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ROAD TRIP_Home neat home: Enjoy a trip to Infinity and beyond at House on the Rock

SPRING GREEN, Wisc. – The House on the Rock is no ordinary house.

In fact, ordinary wouldn’t describe anything within the confines of the compound started by Alex Jordan in 1945.

To begin with, its location is out of the ordinary: a house is situated on a rock foundation atop a large overlook. Then it grew. And grew. And grew. And as it grew it began to fill with the unique and unusual, the extraordinary and the eclectic, the fascinating and the fun. Then everything within the property became unique and even more unique.

So how big is the House on the Rock? By the time Jordan died in 1989, more than 200 acres of property, expanding far beyond the original house’s walls, became filled with one-of-a-kind items of art, architecture and several large and small musical machines. 

Visitors can purchase tickets to see just the home, the numerous collections housed there, or both in the “ultimate experience.”

Whatever tour you decide to take, be prepared to for some footwork. Finding the original front door of the house takes some walking, then a maze of walkways takes visitors from the front gate around a garden with waterfalls and a pond. 

The house itself represents one of three main attractions of the complex. The rock foundations all are original, and were carved out by Jordan himself. 

The living quarters, consisting of the original house and the Gate House, features decor and appliances typical of any 1950s house, but that’s where the similarities end. The rooms, with plenty of steps between and within, were built to factor in the house’s natural surroundings and Jordan’s personal aesthetics. Openings between the rooms are narrow, to accommodate the residence’s lone tenant, Jordan.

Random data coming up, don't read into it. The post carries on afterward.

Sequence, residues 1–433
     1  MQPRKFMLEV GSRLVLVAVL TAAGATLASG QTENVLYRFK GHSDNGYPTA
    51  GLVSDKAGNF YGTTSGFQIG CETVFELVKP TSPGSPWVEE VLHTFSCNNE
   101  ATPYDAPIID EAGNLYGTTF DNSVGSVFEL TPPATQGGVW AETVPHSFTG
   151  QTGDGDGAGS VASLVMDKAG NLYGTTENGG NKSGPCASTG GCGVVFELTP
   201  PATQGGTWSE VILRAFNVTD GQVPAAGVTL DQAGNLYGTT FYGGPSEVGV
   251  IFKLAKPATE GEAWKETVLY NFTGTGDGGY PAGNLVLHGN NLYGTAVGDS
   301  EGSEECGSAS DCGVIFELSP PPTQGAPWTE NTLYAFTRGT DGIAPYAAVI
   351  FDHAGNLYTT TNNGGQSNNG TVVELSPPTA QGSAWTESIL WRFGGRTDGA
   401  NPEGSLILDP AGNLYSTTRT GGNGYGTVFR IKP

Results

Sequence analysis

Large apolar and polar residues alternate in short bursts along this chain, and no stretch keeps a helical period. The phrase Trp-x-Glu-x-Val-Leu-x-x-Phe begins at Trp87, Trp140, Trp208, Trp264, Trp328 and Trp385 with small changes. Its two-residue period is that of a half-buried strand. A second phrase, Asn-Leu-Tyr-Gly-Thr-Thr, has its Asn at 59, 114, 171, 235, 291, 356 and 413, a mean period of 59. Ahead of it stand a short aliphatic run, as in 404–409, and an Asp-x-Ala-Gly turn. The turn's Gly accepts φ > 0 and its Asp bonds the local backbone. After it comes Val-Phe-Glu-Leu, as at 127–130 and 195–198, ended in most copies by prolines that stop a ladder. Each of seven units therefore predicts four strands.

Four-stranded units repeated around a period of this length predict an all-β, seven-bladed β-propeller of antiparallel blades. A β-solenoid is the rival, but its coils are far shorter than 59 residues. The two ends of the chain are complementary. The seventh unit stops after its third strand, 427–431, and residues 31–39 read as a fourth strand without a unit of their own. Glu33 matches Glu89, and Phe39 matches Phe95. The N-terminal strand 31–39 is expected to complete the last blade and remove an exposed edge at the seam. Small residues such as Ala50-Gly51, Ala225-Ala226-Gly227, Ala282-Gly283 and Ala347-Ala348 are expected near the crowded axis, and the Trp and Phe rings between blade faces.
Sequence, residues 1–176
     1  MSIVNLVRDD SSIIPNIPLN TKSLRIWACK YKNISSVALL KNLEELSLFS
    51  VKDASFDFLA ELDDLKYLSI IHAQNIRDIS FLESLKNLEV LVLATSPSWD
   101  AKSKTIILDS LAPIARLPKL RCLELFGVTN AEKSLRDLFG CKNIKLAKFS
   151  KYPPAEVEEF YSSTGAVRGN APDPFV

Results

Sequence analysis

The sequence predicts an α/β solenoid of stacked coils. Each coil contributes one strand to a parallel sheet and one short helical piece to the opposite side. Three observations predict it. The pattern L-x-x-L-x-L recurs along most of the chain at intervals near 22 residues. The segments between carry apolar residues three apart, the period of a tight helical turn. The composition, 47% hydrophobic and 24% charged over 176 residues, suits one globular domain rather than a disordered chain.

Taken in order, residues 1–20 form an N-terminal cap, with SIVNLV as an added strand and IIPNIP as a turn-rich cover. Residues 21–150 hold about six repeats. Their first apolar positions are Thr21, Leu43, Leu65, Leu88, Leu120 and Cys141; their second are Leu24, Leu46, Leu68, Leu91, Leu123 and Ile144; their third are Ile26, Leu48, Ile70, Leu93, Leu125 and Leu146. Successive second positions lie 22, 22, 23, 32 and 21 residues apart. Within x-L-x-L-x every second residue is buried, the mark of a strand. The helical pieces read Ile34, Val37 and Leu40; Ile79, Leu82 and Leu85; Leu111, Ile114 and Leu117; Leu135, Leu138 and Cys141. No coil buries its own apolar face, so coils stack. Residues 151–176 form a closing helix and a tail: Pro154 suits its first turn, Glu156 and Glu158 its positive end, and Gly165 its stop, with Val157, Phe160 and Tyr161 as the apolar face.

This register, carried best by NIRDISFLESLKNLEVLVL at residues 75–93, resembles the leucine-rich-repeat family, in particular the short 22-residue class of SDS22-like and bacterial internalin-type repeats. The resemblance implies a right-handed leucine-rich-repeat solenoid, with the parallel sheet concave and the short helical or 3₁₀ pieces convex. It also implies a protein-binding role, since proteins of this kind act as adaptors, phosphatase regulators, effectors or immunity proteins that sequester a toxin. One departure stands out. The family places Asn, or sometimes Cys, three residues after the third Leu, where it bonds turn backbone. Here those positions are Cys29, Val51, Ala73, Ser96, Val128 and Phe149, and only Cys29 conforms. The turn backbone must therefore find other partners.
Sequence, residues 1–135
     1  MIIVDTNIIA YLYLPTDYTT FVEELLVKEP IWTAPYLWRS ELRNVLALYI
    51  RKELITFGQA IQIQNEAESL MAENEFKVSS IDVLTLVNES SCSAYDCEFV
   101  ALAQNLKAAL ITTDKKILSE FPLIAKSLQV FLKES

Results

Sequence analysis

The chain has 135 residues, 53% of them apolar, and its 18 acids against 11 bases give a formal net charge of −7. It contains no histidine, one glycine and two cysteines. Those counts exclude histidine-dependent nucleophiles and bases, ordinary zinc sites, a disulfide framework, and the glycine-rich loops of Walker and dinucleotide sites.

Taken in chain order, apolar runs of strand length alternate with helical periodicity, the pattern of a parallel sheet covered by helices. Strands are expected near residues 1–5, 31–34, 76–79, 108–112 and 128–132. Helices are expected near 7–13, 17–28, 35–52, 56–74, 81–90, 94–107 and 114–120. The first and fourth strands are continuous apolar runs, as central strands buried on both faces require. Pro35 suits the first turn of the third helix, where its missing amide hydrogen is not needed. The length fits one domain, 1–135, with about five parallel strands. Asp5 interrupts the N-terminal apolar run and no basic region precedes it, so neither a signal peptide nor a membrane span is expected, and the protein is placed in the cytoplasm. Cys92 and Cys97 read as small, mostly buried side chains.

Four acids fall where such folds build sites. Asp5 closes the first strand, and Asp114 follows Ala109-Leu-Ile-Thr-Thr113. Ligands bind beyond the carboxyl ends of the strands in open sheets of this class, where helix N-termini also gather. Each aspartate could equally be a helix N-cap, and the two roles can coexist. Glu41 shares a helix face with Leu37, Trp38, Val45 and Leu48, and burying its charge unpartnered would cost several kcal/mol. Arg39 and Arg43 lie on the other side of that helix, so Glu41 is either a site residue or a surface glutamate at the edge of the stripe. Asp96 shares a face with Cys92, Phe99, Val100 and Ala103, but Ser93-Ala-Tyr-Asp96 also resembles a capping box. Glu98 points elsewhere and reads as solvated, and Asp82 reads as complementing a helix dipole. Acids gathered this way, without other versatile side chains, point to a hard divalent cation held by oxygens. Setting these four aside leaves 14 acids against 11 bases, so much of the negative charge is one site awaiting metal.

One of the house’s newer features is the Infinity Room. The long, indoor, pentagonal walkway juts out more than 200 feet over a cliff and is constructed so that, standing at one end, it appears as though the room stretches out to infinity.  

Some rooms have string instruments and pianos that play tunes at random times. The designs came from Jordan’s imagination, and they’re placement throughout various spots throughout the house serve as a preview of what’s to come in other exhibits. The house is also filled with small sculptures and stained glass lighting fixtures.

That’s not all. There’s more. Lots more.

The Mill House contains a large collection of dolls, glass jugs and ancient and primitive artillery. Next, take a stroll on the Streets of Yesterday, where visitors can stroll along a path with storefront facades reminiscent of the turn of the 19th century. 

After that, a collection of more than 200 model ships on three floors surround a nearly life-size model shark – with a wide-open mouth – in the Heritage of the Sea exhibit. 

Then, after a bite to eat at a cafe sounds from complex musical machines resonate through the walkways. The Music of Yesterday exhibit features rooms filled with colorful, unique instruments. 

Next up is the Spirit of Aviation, complete with model airplanes and newspaper clippings of several accounts of aviation history from feats of derring-do to fatalities.

The second of three parts of the overall tour concludes with the world’s largest indoor carousel, an ornate red and white structure with 20,000 lights, 269 animals and 183 chandeliers moving from left to right to the tune of circus music.

After a stroll through the Japanese garden, the third leg of the tour consists of rooms dedicated to the collection of organs, doll houses, circus decor and memorabilia, and unusual artillery. 

The collection is a lot to take in. Exhibits are self-guided, but come one after another. The house tours are not wheelchair accessible.

While you're nearby ...

Stories not told in the portion of the museum regarding the house’s origin note its close proximity to Frank Lloyd Wright’s Taliesin resort, which was the headquarters and residence of the famous architect for much of his later life. 

Located 7 miles north of the House on the Rock, Taliesin is an example of most of Wright’s Prairie School-style of work, with horizontal overhangs and flat roofs. The original was built in 1911 and rebuilt after fires in 1914 and 1925. 

Taliesin sits behind another Wright building, the Hillside Home School, which still is in use by students of his work.

Tours of Taliesin are available, but are frequently sold out, so it’s best to plan ahead. Go to for tickets and tour information. 

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